Debt Maturity and the Global Financial Architecture
The paper starts from the premise that the debate on the ‘new architecture’ of the international financial system should be based on a theory that endogenizes the structure of countries' external liabilities. I present a model in which the maturity of a country's external sovereign debt is the solution to an incentives problem, which may lead to reliance on short-term debt and vulnerability to runs. I study, in the context of this model, the welfare effects of an international lender of last resort, measures aimed at coordinating creditors in crises, and a tax on short-term capital flows. These measures may increase or decrease global welfare, and always leave it strictly below the first-best level.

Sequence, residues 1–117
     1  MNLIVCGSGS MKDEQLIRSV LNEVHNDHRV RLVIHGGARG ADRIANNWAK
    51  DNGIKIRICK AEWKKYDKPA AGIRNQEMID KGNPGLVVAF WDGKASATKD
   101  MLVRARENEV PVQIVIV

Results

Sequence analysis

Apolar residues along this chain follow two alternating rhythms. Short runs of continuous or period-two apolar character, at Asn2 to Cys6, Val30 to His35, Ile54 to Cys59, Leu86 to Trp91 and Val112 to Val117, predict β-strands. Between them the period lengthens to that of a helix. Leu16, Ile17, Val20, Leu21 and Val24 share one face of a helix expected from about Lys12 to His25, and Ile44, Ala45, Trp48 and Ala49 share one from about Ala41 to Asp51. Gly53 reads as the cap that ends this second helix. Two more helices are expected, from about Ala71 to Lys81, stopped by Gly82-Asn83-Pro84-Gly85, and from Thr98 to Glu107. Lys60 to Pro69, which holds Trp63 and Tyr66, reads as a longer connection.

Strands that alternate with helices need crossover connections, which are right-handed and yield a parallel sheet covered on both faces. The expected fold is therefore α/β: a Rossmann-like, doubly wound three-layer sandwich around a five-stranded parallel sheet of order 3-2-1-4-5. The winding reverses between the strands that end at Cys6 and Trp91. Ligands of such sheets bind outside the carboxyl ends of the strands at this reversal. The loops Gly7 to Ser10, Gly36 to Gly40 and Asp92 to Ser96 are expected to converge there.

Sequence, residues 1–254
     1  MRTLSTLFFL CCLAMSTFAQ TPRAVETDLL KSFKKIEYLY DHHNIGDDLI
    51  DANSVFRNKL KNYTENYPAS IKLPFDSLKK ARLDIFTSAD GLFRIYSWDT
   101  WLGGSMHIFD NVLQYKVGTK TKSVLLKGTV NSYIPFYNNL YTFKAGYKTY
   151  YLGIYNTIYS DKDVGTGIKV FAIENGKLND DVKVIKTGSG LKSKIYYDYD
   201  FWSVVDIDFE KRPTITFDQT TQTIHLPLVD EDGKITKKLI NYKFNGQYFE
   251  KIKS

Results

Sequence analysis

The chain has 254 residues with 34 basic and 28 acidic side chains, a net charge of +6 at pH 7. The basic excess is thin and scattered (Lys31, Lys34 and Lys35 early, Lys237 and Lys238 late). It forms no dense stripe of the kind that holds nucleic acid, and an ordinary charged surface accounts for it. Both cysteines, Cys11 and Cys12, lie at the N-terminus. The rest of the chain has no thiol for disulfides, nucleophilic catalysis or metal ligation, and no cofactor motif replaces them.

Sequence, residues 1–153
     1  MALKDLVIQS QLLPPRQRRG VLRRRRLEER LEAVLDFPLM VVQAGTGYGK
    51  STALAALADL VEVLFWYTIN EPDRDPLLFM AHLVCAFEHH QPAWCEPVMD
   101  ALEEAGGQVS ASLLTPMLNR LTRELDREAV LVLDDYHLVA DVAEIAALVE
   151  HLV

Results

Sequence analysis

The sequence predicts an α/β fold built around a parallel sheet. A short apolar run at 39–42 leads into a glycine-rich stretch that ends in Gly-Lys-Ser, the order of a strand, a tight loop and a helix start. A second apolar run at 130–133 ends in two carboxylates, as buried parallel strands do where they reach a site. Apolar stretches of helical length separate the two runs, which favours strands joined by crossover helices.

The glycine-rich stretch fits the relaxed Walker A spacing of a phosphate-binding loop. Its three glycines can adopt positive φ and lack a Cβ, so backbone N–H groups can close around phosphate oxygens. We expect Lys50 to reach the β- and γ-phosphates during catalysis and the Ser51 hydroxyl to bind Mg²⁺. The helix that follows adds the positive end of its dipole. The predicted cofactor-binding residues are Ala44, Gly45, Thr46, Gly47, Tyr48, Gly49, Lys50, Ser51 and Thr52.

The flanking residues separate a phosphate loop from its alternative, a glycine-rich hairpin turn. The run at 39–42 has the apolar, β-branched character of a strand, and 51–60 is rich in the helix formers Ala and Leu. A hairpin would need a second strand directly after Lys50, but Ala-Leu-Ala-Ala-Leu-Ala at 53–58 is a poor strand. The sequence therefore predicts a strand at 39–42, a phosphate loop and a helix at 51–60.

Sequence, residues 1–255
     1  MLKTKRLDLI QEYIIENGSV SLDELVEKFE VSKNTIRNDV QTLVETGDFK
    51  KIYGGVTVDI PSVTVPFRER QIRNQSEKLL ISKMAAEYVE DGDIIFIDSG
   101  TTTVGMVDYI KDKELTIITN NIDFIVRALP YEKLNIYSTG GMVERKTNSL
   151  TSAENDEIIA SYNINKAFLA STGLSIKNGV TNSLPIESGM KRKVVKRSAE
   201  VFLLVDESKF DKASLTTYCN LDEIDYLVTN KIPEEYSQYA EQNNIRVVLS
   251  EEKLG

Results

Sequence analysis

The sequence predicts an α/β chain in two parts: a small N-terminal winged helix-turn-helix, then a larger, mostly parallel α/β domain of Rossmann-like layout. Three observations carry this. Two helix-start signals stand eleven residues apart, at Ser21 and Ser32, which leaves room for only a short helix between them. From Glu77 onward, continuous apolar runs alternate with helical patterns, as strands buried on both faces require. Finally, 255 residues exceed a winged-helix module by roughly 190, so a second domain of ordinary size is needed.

|Date of creation:||Aug 2000|
|Contact details of provider:|| Postal: Centre for Economic Policy Research, 77 Bastwick Street, London EC1V 3PZ.|
Phone: 44 - 20 - 7183 8801
Fax: 44 - 20 - 7183 8820
|Order Information:|| Email: |
When requesting a correction, please mention this item's handle: RePEc:cpr:ceprdp:2520. See general information about how to correct material in RePEc.
For technical questions regarding this item, or to correct its authors, title, abstract, bibliographic or download information, contact: ()
If references are entirely missing, you can add them using this form.